The last time this news site launched a broadside against local infrastructure funding in South Carolina it didn’t end well for us. In fact we got schooled, although the good news is our teacher was Leslie Haas – the brilliant, badass and breathtakingly beautiful model marketer” from Greenville, S.C.
Anyway, our original report raised some legitimate questions about the mechanics of local road project prioritization and approval.
Those questions may not be as exciting as Leslie (not even close, actually), but they still matter …
In case you hadn’t noticed, South Carolina’s infrastructure situation is much like everything else state government subsidizes – Mo’ Money, Mo Problems.
And if you think the massive $1.8 billion tax hike the state’s “Republican” leaders approved last year is going to fix those problems, think again.
Given the broken system all of this money is flowing through, it’s only going to make failure more expensive.
At every step of the road funding process in the Palmetto State, politics trumps priorities. In fact some funds – like the S.C. Department of Transportation (SCDOT)’s “C-Fund” program – are set up to encourage pork barrel projects.
The “C-Fund” routes 2.66 cents of the state’s gasoline tax to local “county transportation committees” – whose members are appointed by the local legislative delegation. In the case of Spartanburg County, S.C., though, the money is directly appropriated by lawmakers.
How do we know this? Because we’ve stumbled upon an interesting case study involving two of South Carolina’s most fiscally conservative state lawmakers – Josiah Magnuson and Steven Long.
To be clear: Magnuson and Long are our kind of elected officials.
They have consistently embraced pro-freedom, pro-free market views – and more importantly they have voted in accordance with those views.
That’s why it surprised us to see them associated with what appears to be a typical Columbia, S.C. “pay-to-play” scam.
Last December, Magnuson received three $1,000 contributions from entities affiliated with Campobello, S.C. builder Ryan C. Kaiser.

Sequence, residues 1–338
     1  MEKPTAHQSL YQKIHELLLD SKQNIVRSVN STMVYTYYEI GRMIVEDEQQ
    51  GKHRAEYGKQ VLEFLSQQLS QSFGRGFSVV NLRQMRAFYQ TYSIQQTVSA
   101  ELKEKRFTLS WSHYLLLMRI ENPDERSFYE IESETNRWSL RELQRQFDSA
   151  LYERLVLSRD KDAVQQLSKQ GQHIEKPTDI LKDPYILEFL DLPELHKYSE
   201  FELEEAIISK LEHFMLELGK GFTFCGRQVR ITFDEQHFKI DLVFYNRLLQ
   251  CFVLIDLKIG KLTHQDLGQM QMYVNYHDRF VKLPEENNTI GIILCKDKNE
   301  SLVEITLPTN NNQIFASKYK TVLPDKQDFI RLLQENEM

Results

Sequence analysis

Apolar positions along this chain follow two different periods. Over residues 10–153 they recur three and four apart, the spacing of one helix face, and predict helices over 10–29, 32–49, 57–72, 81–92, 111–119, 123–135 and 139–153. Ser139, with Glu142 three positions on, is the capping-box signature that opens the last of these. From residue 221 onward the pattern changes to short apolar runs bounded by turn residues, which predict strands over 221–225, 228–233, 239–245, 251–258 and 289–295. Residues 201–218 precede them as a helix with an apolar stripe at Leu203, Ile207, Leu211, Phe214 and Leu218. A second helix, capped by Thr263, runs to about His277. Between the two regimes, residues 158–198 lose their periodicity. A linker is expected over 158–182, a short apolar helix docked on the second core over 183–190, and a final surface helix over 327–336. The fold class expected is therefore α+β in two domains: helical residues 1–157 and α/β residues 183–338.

Three weeks later, on January 20, the first-term lawmaker submitted a request that $60,750 of the “C Funds” at his disposal should be transferred outside of his district to subsidize a road widening project Kaiser is pushing near Lake Lyman, S.C.
Take a look …
(Click to view)
Meanwhile, Long received four $1,000 contributions in late December – one from Kaiser personally and three from the same affiliated companies that lined Magnuson’s pockets.
On January 10, the first-term legislator sent an email to county officials indicating that he had organized a group of Upstate lawmakers – himself included – who were appropriating an estimated $181,489 of their “C-Fund” monies to the same project.
“Several of us would like to put the remainder of our set aside funding towards the Lake Lyman Heights Rd project,” Long’s email noted.
Take a look …
(Click to view)
With these commitments in hand, Kaiser wrote a letter the same day (January 10) to the Steve Belue Public Works Infrastructure Fund – an entity established by Spartanburg County in 2015 – asking county officials to contribute $93,511 toward the project.
In his letter, Kaiser noted that one of his companies – Enchanted Construction Service – would “contribute $100,000 for the improvements.”
We reached out to both Magnuson and Long for comment early Monday regarding this matter. Magnuson told us he would provide us with a statement, but as of this writing we have not received it. Long told us he would call us, as of this writing we have not heard from him.
He did tell us the project in question was a “good thing.”
“Anytime we can negotiate for a private business owner to give the taxpayers $100,000 is a good thing,” he told us.
We concur … assuming the project in question is in the taxpayers’ best interests, and not a sop to a wealthy developer.
Is the Lake Lyman Heights Road project in the public’s interest? We don’t know, but Kaiser is clearly itching to get it completed for some reason … (maybe that his firm is preparing a huge subdivision project off of Lyman Lake).
Irrespective of the project’s merits (or Kaiser’s potential financial windfall in the event he gets his $275,000 in taxpayer funding), we believe the campaign contributions received by Long and Magnuson raise serious red flags.
Again, both of these elected officials have earned our trust – and the trust of taxpayers – during their short time in the state capital. We would hate to see them throw it all away on such a sadly typical scandal.
Long and Magnuson should return Kaiser’s money. Furthermore, they should call for this project to be subjected the same prioritization standards every infrastructure expenditure (local, state or federal) ought to receive. If it doesn’t make the cut, then Kaiser can spend his own money on this intersection.
WANNA SOUND OFF?
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